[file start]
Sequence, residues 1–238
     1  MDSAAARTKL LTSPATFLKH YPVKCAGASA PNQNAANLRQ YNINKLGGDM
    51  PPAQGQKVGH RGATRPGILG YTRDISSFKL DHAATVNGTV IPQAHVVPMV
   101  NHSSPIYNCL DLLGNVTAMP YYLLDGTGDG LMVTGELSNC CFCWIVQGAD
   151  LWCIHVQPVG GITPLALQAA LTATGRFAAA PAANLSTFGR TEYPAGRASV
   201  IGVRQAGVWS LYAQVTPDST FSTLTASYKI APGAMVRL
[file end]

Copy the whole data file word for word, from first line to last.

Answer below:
Sequence, residues 1–238
     1  MDSAAARTKL LTSPATFLKH YPVKCAGASA PNQNAANLRQ YNINKLGGDM
    51  PPAQGQKVGH RGATRPGILG YTRDISSFKL DHAATVNGTV IPQAHVVPMV
   101  NHSSPIYNCL DLLGNVTAMP YYLLDGTGDG LMVTGELSNC CFCWIVQGAD
   151  LWCIHVQPVG GITPLALQAA LTATGRFAAA PAANLSTFGR TEYPAGRASV
   201  IGVRQAGVWS LYAQVTPDST FSTLTASYKI APGAMVRL